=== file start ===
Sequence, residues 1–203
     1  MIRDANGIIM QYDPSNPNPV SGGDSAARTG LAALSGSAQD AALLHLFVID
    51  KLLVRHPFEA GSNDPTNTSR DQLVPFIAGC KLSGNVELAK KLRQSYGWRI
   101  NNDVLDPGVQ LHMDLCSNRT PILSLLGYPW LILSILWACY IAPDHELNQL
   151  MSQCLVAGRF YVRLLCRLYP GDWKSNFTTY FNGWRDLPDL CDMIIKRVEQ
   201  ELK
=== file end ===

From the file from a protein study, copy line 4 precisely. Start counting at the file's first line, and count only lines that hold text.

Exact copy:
   101  NNDVLDPGVQ LHMDLCSNRT PILSLLGYPW LILSILWACY IAPDHELNQL